Background Initiation of DMARD-therapy in the ‘window of opportunity’ is thought to result in more effective modification of the processes underlying Rheumatoid Arthritis (RA).
Objectives We questioned whether this effect is true or hyped and therefore performed a systematic literature review.
Methods Medical literature databases up to June 2012 were systematically reviewed for cohort studies and randomized controlled trials reporting outcome data of early RA in relation with symptom duration at treatment initiation. The quality of these studies was assessed by two independent reviewers using a criteria scoring system of 15 items. Studies were dichotomized with the median score (79%) as cut-off. Best-evidence synthesis was applied to determine the level of evidence per outcome category. A meta-analysis was performed on the studies reporting on achieving DMARD-free sustained remission (the reverse of disease persistency).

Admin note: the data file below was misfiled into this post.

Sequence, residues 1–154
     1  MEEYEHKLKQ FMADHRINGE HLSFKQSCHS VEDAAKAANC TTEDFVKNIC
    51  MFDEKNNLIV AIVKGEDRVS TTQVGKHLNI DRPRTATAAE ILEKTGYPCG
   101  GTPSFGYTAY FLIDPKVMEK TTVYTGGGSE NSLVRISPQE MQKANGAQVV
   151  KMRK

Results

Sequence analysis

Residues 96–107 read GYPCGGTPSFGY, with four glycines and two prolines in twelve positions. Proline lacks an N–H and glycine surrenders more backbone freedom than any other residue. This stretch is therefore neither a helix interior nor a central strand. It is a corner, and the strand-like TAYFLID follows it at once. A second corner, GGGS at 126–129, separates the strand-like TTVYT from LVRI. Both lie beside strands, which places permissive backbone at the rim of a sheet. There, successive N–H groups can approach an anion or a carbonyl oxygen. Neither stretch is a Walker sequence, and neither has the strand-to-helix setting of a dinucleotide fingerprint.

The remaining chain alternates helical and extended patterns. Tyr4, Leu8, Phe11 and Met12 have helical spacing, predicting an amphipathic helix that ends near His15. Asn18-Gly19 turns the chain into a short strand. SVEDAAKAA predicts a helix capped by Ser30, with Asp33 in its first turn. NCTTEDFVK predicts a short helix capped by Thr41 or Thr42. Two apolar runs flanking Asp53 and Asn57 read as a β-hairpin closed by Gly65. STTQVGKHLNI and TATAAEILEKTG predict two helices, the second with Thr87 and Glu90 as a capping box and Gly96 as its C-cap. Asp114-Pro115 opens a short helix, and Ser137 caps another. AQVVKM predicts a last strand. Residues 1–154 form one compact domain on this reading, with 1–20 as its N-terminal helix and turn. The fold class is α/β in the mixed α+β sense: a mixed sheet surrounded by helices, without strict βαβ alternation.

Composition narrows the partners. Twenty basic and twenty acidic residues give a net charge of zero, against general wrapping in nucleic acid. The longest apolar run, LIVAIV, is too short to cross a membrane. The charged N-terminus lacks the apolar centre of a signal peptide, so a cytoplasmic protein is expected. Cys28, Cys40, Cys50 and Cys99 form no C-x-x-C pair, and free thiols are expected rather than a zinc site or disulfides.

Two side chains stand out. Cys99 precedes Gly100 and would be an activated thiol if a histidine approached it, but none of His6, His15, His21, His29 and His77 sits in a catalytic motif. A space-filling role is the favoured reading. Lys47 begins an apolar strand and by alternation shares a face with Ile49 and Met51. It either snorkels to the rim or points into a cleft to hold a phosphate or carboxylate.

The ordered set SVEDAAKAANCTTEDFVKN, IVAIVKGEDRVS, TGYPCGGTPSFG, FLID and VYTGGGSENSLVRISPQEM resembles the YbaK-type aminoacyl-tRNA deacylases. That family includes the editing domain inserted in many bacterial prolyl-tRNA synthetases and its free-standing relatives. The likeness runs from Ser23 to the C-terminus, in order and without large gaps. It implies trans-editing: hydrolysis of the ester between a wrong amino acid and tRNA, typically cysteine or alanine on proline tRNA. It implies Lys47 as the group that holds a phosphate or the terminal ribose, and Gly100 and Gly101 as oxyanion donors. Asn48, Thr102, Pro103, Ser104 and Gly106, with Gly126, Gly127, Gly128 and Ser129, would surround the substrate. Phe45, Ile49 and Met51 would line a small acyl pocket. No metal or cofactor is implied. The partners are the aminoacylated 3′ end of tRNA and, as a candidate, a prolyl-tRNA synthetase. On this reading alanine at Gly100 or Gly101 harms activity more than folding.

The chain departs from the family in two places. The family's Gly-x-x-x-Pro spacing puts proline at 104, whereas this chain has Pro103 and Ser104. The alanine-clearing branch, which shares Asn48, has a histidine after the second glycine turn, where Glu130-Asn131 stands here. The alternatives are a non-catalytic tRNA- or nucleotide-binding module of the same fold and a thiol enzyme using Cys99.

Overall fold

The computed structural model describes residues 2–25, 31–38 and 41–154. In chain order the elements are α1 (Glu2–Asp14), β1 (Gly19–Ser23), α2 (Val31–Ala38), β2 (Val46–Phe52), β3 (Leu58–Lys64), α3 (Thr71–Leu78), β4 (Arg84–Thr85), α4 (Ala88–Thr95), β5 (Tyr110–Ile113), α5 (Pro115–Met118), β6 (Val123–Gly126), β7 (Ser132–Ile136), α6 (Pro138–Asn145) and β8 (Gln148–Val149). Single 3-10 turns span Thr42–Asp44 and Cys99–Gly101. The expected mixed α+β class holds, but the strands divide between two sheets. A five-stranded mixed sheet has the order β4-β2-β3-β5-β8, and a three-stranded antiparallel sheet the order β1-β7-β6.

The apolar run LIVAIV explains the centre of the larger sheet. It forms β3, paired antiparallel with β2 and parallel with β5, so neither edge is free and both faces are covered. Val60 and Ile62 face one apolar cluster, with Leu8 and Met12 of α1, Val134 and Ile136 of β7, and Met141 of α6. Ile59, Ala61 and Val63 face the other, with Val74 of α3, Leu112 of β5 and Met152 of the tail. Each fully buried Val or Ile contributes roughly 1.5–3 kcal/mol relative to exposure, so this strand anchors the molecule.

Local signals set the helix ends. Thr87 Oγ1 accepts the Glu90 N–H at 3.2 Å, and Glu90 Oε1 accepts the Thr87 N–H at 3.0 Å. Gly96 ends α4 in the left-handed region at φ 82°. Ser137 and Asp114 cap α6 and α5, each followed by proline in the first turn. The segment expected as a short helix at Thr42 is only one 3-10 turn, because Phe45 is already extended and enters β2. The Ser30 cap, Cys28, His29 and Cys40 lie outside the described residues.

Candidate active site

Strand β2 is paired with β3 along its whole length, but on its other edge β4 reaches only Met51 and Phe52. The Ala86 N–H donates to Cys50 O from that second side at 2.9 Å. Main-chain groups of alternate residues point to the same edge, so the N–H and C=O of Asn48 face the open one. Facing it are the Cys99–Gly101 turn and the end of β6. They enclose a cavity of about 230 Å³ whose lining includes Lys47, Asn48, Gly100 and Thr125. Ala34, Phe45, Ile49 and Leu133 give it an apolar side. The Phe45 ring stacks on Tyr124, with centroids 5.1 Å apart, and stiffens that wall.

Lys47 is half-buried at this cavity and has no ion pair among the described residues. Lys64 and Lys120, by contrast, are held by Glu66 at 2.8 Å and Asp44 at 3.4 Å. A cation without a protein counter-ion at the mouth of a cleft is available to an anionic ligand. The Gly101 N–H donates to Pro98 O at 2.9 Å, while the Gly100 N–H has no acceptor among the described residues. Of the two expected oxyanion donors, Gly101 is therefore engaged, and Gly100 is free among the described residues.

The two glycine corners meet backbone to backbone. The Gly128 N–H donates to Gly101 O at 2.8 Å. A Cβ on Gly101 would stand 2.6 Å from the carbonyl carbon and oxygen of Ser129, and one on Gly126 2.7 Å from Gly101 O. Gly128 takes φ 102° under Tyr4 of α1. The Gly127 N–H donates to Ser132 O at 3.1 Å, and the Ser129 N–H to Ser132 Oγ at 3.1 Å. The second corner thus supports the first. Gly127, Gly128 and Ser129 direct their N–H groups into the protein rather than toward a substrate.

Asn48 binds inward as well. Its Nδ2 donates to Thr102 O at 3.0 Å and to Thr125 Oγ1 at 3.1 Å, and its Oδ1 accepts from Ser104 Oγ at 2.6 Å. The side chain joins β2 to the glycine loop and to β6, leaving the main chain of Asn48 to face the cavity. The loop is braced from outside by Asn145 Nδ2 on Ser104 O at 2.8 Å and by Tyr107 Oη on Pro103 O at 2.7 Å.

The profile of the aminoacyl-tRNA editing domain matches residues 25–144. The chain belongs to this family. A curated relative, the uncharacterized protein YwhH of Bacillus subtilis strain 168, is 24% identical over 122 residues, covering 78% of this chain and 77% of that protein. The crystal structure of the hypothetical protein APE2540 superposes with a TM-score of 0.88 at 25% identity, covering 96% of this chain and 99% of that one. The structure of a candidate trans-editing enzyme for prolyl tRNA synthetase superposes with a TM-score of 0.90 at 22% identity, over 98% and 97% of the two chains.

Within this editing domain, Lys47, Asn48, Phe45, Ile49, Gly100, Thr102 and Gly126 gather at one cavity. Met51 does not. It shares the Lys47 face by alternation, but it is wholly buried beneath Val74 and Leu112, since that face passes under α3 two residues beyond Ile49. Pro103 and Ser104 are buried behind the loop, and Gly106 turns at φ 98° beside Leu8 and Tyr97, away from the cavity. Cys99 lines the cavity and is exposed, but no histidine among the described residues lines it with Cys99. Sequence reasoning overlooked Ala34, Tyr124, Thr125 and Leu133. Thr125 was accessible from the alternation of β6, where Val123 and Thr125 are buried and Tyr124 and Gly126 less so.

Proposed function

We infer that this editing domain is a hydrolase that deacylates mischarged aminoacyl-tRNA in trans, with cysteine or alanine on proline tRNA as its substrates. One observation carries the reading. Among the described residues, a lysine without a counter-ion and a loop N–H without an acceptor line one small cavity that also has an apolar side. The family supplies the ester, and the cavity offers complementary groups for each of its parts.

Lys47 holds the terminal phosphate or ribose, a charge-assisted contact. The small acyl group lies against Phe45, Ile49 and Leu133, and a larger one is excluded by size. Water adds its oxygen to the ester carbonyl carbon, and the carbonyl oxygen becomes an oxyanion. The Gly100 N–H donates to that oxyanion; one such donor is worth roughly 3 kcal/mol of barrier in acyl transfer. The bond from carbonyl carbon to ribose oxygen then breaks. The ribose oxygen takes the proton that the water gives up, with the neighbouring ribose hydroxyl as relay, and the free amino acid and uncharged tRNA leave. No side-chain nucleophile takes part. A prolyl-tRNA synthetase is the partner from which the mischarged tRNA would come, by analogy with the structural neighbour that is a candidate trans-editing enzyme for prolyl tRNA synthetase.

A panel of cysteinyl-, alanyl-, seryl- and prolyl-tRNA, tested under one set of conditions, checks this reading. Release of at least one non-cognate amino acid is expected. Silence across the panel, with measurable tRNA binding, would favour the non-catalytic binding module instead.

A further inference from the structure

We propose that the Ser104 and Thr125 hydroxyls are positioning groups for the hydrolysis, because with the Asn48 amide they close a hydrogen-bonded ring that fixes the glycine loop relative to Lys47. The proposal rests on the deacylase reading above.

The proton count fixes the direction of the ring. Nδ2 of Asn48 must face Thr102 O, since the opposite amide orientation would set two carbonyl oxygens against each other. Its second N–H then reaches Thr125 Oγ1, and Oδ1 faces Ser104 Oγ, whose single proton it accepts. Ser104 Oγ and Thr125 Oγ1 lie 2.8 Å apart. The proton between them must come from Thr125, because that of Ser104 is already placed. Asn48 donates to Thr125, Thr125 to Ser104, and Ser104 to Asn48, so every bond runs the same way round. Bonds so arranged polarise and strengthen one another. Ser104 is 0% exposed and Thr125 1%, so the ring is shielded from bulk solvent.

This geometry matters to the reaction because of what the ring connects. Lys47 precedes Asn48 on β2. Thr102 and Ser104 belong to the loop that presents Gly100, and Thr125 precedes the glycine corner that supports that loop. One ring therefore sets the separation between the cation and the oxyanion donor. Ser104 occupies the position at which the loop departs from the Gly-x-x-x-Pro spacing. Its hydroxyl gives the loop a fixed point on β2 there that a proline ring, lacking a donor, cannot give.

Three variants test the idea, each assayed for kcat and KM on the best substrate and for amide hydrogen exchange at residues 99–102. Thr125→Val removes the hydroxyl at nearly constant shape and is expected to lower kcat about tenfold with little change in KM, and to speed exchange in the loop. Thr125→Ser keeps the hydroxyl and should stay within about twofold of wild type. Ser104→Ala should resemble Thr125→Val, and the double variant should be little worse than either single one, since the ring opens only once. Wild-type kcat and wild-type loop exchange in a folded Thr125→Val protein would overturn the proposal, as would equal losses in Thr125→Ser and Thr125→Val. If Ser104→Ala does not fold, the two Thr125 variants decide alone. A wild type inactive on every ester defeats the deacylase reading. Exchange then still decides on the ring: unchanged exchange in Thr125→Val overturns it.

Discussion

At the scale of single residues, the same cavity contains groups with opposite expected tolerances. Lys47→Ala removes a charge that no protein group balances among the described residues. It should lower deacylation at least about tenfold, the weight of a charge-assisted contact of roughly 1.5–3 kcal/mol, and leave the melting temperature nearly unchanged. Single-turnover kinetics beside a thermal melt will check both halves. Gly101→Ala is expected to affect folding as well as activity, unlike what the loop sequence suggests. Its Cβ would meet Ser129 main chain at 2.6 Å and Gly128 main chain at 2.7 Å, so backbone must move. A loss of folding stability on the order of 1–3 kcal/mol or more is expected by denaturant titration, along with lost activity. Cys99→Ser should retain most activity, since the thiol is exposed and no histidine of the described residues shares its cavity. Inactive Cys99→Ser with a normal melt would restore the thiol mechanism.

Results Out of 836 screened articles, 18 fulfilled the selection criteria and were not duplicates. Nine were scored as high-quality. Remission (various definitions) and radiographic progression were frequently studied outcomes. There was strong evidence for an association between symptom duration and radiographic progression. A meta-analysis on datasets evaluating DMARD-free sustained remission showed that symptom duration was independently associated with such remission both univariable and multivariable after adjustment of age, sex, treatment, rheumatoid factor and erythrocyte sedimentation rate; HR 0.989 (95%CI 0.983-0.995) per week increase in symptom duration (see figure 1 ). A moderate level of evidence was observed for studies on various other remission outcomes.
Conclusions There is strong evidence that prolonged symptom duration is associated with radiographic progression. Furthermore, symptom duration is associated with disease persistency in a meta-analysis, supporting the presence of a ‘window of opportunity’-effect.
Disclosure of Interest None Declared
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